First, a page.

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Old October 23rd, 2020, 04:38 PM   #1
alive15
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Book Easy question on bubble level

Good afternoon guys, I have a basic question on the bubble level in the picture attached. This is probably really easy, but I don't get it, haha. There are two bubble levels here on the same axis. The bottom one shows the correct level, but the top one is always off? I don't understand why it's off, lol.

A co-worker said it's used when working upside down, but I don't know if he was being serious or pulling my leg! They got me good at work, please enlighten me so I may sleep in peace, haha.

*edit rotate photo; 2nd edit: it's 90 more ccw than it should be, my bad
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Last edited by alive15; October 23rd, 2020 at 04:44 PM.
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Old October 23rd, 2020, 04:55 PM   #2
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The vials are slightly concave, or convex depending on how your looking at it. Since it has the concave, the level would not work if “upside down” by having two vials it is not directional. When upside down the bubble will find the highest point and doesn’t have the ability to over power the arc, which gives it the look of being way off.
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Old October 23rd, 2020, 04:57 PM   #3
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Some grade levels that are convex go even further than that. If the bubble is touching either side of the line it will usually correlate to a certain percent in slope. Useful for a plumber determining fall on a drain line.
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Old October 23rd, 2020, 04:58 PM   #4
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I will never get this done before there are ten other answers, but anyway.


He was almost definitely pulling your leg.



The glasses are slightly curved, but once calibrated the bottom glass is the one to use, as the bubble will be at the top of the curve, and if that top of the curve is midway between the marks i.e. the bubble edges equidistant from their respective edges, then the edges of the entire assembly are level.


The second glass is so you don't have to think about which way to use the assembly; you can use whichever glass is the bottom glass for the way you grab it.


The curve is very slight, so the bubble position is analog-ish, and no binary - [level => bubble in center] vs. [not level => bubble at one end] - states you might get with a straight glass (ignoring surface tension/friction?). Also, I suspect over time you might calibrate your eye to know how much out of level something is by judging how much the bubble is off-center.
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Old October 23rd, 2020, 05:01 PM   #5
Ken Roach
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They're telling the truth; a level can have either a curved constant-diameter tube or a variable-diameter tube, so the bubble can seek the top.

That level has slightly arched tubes, with the lines inscribed on the top, so it can work while sitting on either side.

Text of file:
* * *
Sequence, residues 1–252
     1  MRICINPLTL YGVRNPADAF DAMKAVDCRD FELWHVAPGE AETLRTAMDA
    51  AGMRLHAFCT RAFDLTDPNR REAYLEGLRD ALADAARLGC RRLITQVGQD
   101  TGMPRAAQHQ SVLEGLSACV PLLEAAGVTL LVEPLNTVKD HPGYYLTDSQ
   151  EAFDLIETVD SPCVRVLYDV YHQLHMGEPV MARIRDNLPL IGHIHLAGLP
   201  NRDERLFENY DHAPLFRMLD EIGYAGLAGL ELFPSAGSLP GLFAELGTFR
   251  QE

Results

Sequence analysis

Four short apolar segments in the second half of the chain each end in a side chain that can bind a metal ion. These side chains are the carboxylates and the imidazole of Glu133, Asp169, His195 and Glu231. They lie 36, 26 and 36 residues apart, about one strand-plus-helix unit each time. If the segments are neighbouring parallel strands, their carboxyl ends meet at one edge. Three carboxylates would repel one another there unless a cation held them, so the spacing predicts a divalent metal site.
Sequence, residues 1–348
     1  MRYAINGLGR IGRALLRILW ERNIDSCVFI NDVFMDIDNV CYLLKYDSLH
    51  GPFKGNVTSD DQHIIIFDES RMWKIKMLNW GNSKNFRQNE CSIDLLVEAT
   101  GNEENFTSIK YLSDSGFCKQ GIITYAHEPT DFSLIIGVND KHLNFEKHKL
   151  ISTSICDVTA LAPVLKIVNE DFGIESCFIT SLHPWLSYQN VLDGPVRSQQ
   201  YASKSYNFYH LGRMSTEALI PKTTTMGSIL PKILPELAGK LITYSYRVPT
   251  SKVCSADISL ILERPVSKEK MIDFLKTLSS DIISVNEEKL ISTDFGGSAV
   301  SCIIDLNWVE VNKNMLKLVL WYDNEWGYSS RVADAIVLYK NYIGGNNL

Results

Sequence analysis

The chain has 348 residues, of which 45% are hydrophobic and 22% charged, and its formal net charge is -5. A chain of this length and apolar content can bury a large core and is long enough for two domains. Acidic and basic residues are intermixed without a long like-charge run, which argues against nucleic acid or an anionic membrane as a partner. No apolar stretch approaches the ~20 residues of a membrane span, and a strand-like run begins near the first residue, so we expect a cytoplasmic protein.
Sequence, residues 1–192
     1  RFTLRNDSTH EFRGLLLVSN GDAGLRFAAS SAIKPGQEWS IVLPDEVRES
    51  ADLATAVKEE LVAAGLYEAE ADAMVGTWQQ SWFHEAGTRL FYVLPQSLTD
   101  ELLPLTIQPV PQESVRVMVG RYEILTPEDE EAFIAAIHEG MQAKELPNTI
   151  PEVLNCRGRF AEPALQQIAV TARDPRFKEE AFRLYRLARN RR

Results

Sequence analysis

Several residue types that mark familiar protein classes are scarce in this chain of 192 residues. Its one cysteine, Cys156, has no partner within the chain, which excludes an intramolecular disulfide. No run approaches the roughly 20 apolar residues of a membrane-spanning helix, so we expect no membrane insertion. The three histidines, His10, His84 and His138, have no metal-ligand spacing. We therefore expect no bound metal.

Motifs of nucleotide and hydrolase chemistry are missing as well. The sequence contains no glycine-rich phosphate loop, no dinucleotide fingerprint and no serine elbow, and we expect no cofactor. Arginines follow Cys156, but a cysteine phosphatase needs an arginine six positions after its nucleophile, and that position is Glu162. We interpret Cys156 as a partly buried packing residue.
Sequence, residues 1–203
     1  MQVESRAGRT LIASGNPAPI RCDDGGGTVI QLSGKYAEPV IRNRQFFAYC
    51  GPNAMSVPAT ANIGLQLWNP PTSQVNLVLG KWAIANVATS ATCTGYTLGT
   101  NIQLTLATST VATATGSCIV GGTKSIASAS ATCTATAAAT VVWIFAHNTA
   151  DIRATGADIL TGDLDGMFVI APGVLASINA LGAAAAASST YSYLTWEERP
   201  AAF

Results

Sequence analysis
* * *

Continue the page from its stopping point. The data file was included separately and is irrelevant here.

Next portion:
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Old October 23rd, 2020, 07:42 PM   #6
Ron Beaufort
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just for kicks ...
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Old October 24th, 2020, 08:54 AM   #7
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The Double bubble is so you can use either side as stated above but actually you check level when you start with device from both sides to insure accuracy of the level and that the level is not bent or damaged. At least that is what I was taught
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Old October 24th, 2020, 09:50 AM   #8
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Quote:
Originally Posted by roxusa View Post
The Double bubble is so you can use either side as stated above but actually you check level when you start with device from both sides to insure accuracy of the level and that the level is not bent or damaged. At least that is what I was taught

Does "both sides" mean swap it end for end (for a horizontal level test)? Because if that is the case, then even if the vials are not lined up with the long edges, if the long edges are straight you can still tell when something is level, because the bubble will be offset the same amount toward the same end of the level.
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Old October 24th, 2020, 10:17 AM   #9
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end to end to see if the reading is the same and then flip it to use the other one
to see if its the same.
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Old October 24th, 2020, 10:38 AM   #10
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Quote:
Originally Posted by roxusa View Post
end to end to see if the reading is the same and then flip it to use the other one
to see if its the same.



Yeah, I do that even on a single-straight-vial level; if it's trivial to do a calibration of the device with every measurement, then why not?
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Old October 26th, 2020, 03:43 PM   #11
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Ahh okay, thanks everyone! Yeah, I did not notice the concavity of the tubes. Welp, time to wait for a new intern or co-op, I'll have to pass along the embarrassment to them, haha. Cheers,
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Old October 26th, 2020, 04:00 PM   #12
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Sounds like the crew that is going to tell you they don't have enough Ohms here and sent you to get them a bucket of Ohms.
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